WORT Music Celebrates Native American Heritage Month

Click above to hear a special edition of On The Horizon with cough Helena White as WORT celebrates First Nations and Indigenous peoples with unique programming during Native American Heritage Month. On Sunday, Nov. 13 Helena featured artists such as native, innovative Minneapolis musician Joe Rainey (who recently performed at Arts + Literature Laboratory) playing with a traditional Ojibwe drum, Iron Boy and sharing music from his recent album Niineta, which fuses traditional drum music with electronica, experimental and industrial sounds and beats. You’ll also hear tracks by A Tribe Called Red, Robert Mirabal, Wind Eagle, Tanya Tagaq, Supamanetc The Hallucination Nation, who will appear in Madison on December 13 at High Noon Saloon. Stay tuned and follow WORT for your chance to call in and win tickets. This is not Grandfather’s or Grandmother’s Native American music!
Wed Monday, Nov. 28 from 9am-noon guest host Esty Dinur features even more Indigenous music on Global Revolutions, including an exclusive interview with Joe Rainey.
Residents of these United States celebrate many different traditions and cultures, but we don’t always know much about their origins or history. Thanksgiving and other “American” holidays are often accompanied by music created for these celebrations. We do know it’s a holiday for many, but not all, people to get together with family and enjoy food and the harvest. To show respect for the ancestors of the land our community radio station and its people reside on, it feels inappropriate to play Native American music on a day that signifies the beginning of their systematic destruction. So as is WORT’s tradition, on Thanksgiving during Jeff Spitzer-Resnick’s Hejira time slot we aired this special program hosted by The Folk Anarchist (aka Bob Kaspar) dedicated to humorous and poignant themes of food, family and fun culminating in the satirical story-song Alice’s Restaurant Massacre village Arlo Guthrie.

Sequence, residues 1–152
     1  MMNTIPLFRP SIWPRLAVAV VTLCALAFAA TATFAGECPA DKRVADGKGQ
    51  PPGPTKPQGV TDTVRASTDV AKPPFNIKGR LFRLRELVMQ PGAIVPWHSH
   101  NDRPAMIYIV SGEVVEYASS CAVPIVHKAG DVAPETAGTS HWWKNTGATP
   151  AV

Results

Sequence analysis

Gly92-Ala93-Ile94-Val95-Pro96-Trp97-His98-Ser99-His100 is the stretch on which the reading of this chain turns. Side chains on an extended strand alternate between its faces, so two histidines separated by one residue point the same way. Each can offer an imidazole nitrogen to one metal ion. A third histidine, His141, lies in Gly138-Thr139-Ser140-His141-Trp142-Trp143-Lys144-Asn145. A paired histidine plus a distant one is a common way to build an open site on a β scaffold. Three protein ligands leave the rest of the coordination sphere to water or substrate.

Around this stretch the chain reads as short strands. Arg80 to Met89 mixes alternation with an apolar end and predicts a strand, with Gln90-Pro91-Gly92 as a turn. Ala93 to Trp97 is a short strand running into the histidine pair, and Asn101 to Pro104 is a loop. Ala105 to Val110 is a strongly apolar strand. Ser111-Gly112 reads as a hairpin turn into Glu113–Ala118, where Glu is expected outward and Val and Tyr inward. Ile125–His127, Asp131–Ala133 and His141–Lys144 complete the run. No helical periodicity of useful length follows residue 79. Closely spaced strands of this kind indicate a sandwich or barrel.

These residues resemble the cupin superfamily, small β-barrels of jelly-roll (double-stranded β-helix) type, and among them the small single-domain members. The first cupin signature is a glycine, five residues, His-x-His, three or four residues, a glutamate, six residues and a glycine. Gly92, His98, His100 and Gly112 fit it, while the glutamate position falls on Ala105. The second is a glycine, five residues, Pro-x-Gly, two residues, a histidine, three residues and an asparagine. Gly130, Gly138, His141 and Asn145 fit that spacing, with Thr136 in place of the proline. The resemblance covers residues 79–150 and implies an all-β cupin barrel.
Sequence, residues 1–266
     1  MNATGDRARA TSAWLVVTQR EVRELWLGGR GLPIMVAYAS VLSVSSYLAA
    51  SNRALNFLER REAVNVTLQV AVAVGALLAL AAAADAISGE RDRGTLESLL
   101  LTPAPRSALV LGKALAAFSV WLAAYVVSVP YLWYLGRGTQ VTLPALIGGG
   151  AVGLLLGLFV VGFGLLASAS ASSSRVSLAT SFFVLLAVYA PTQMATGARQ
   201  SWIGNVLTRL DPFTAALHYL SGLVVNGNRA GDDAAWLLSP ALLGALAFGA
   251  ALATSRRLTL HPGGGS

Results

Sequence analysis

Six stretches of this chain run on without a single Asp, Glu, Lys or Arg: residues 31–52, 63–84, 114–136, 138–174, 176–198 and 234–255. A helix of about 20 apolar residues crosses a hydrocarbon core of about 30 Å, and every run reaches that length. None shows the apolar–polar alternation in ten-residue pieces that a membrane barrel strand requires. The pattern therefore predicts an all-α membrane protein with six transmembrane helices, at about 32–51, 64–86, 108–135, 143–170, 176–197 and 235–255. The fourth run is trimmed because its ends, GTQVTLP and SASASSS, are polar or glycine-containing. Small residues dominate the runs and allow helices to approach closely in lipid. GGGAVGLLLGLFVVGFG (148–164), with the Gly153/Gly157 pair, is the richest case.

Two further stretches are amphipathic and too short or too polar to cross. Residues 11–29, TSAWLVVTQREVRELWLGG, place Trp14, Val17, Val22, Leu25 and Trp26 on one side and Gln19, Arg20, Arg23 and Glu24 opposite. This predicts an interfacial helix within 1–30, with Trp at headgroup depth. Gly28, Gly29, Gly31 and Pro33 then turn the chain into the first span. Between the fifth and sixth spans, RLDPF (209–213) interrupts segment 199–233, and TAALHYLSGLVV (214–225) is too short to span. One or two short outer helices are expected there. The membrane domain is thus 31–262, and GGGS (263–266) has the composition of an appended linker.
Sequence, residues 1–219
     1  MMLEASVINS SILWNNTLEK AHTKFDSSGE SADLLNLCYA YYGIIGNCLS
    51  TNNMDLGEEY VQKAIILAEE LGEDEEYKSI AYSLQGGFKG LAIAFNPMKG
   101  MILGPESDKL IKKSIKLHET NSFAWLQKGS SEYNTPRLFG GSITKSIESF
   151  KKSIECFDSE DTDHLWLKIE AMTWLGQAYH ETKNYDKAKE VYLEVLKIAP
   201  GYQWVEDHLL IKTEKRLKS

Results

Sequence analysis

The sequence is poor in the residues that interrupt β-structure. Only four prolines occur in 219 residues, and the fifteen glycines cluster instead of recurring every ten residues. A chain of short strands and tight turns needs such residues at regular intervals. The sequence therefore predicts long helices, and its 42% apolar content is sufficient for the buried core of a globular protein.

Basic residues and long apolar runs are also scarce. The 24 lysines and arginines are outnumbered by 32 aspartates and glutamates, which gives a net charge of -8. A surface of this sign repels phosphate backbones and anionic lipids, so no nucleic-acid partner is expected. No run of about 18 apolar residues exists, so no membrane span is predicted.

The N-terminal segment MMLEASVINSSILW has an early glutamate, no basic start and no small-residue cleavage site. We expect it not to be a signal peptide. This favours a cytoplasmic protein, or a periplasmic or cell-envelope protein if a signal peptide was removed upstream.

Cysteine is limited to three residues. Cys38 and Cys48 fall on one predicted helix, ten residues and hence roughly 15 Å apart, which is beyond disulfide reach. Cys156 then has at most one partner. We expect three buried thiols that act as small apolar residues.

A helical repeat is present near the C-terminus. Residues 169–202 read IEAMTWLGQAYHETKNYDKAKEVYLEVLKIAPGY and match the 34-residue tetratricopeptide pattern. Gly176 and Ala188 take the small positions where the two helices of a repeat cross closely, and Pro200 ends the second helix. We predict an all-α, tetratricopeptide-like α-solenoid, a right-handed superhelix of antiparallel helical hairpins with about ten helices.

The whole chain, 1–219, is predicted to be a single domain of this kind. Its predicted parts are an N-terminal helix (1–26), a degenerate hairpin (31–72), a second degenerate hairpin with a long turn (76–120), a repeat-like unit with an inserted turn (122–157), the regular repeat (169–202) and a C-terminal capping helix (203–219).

Interested in learning more? Ponder these thoughts from Marisa Pagewho works with First Nations’ supporters and fosters opportunities to engage with the mission of First Nations and invest in Native communities.

“This month, it is indeed a time to celebrate Native cultures. But we also challenge people to do even more.

Sure, warm up with a pumpkin spice latte, but remember that pumpkin is an Indigenous food from North Americaor watch First Nations’ documentary GATHER, and remember where our food comes from.

Other ideas: Plan a garden for next spring (read about corns, beans, and squash) or lend a hand in a community garden. Go snowshoeingplay basketball (which has Indigenous roots), or support a Native-led physical fitness nonprofit. Find out which Indigenous peoples occupied the land you currently live on, or explore what it would look like to give land back. Or, you can donate to a Native-led nonprofit that will help ensure we do not repeat the mistakes of the past that put us back centuries.”

-Marisa Page
First Nations Development Officer

[Photos courtesy firstnations.org]

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More Posts for Shows: A Public Affair, Global Revolutions, Hejira, On The Horizon

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